With thousands of Filipinos glued to their smartphones, issues that go viral or stand out on social media—including fake news and biased claims—grab people’s attention faster and shape their perceptions.

This free flow of communication and heightened vigilance bring institutions under greater scrutiny, with the 2019 PTI also revealing a drop in performance ratings in the trust drivers across all institutions since 2017. This means that Filipinos want these institutions to put greater effort into building and sustaining their trust. The business sector, in particular, is seeing a shift in trust drivers. In previous years, the top trust drivers for businesses have always been a mix of their ability to provide quality products and services and commitment to treating their employees and customers well. This year, we saw these drivers shift to focus purely on human welfare. Interestingly, a business’ ability to ‘provide quality products and services’ has been replaced by ‘helping underprivileged communities’ as a top trust driver.

While overall trust across institutions has declined, some sectors and sub-institutions still enjoy high trust levels. Notably, extreme trust in the Church, one of the most trusted institutions, remains consistent with its 2017 rating, emphasizing the unshaken faith of the Filipino.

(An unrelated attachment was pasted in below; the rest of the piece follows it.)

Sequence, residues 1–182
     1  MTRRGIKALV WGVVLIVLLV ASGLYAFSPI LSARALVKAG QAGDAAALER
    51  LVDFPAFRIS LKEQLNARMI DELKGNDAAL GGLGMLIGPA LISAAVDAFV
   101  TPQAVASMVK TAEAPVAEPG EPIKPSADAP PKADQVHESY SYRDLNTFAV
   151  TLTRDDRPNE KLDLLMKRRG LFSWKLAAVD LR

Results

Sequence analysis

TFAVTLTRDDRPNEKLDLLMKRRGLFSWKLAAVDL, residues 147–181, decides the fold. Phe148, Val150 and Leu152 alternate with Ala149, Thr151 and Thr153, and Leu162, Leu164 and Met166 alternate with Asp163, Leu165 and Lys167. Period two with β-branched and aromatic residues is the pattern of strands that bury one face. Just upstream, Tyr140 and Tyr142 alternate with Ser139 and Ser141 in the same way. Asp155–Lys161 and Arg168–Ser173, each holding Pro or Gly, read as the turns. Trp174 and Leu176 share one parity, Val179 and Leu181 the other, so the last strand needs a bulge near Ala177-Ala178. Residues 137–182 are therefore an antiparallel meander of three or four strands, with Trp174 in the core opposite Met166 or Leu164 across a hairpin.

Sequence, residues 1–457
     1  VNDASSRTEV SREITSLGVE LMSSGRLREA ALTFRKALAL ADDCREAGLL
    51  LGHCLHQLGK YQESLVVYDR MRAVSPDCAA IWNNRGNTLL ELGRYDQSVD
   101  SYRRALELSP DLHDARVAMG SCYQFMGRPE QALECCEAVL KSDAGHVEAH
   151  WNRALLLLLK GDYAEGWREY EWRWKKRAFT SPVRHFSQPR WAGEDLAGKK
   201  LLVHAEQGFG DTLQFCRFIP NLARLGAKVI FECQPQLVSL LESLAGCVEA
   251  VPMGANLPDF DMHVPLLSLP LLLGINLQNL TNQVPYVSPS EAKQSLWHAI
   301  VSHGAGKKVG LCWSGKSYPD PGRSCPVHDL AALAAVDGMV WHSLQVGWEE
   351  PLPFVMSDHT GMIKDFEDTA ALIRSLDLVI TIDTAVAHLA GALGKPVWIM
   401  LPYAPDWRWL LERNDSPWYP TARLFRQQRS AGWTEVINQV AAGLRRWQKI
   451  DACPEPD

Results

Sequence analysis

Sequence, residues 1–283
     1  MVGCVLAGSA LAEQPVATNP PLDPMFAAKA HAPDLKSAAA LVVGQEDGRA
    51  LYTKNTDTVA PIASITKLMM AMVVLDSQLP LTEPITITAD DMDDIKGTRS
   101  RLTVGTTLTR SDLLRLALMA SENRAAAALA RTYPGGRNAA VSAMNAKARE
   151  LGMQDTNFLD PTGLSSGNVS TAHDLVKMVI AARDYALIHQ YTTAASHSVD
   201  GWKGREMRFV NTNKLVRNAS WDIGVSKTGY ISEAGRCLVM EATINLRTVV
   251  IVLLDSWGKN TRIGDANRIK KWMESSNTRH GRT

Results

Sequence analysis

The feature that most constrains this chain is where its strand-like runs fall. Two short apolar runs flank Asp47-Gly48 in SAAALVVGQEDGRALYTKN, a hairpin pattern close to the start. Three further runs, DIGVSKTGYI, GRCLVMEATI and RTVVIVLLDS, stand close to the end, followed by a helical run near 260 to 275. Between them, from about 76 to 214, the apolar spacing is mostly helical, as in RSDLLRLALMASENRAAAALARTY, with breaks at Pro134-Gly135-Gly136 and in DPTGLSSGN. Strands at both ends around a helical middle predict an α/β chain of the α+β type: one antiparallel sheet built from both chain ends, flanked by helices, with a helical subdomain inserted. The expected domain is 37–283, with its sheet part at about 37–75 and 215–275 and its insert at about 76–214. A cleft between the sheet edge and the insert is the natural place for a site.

How, then, are institutions supposed to manage unmet expectations at a time when trust levels are dwindling?

Clearly, we have to accept that social media is a critical and powerful platform to control narratives. From where we sit, we cannot absolutely control or police the proliferation of disinformation yet we are duty-bound to fight it. This begins with creating content based on the truth, and making sure it resonates with our publics. It also means being mindful and selective of our sources of information, as we should not add to the flow of disinformation.


Needless to say, this means investing time, effort, and resources, in ensuring that we get the right messages out.